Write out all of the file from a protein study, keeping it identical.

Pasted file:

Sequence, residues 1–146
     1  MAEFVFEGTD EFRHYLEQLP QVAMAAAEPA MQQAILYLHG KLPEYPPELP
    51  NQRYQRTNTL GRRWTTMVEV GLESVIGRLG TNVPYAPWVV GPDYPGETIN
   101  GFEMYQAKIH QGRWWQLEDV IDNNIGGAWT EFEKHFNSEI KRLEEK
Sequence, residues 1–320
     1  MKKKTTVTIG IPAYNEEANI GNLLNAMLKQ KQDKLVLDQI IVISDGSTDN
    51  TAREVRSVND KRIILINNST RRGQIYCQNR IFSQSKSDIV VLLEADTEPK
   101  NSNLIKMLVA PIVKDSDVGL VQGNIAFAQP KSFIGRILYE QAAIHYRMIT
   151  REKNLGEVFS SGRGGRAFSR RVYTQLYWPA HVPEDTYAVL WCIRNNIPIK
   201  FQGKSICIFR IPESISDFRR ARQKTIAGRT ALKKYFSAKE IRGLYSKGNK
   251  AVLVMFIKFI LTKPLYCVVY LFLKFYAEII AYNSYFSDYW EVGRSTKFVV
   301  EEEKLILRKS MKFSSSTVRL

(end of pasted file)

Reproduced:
Sequence, residues 1–146
     1  MAEFVFEGTD EFRHYLEQLP QVAMAAAEPA MQQAILYLHG KLPEYPPELP
    51  NQRYQRTNTL GRRWTTMVEV GLESVIGRLG TNVPYAPWVV GPDYPGETIN
   101  GFEMYQAKIH QGRWWQLEDV IDNNIGGAWT EFEKHFNSEI KRLEEK
Sequence, residues 1–320
     1  MKKKTTVTIG IPAYNEEANI GNLLNAMLKQ KQDKLVLDQI IVISDGSTDN
    51  TAREVRSVND KRIILINNST RRGQIYCQNR IFSQSKSDIV VLLEADTEPK
   101  NSNLIKMLVA PIVKDSDVGL VQGNIAFAQP KSFIGRILYE QAAIHYRMIT
   151  REKNLGEVFS SGRGGRAFSR RVYTQLYWPA HVPEDTYAVL WCIRNNIPIK
   201  FQGKSICIFR IPESISDFRR ARQKTIAGRT ALKKYFSAKE IRGLYSKGNK
   251  AVLVMFIKFI LTKPLYCVVY LFLKFYAEII AYNSYFSDYW EVGRSTKFVV
   301  EEEKLILRKS MKFSSSTVRL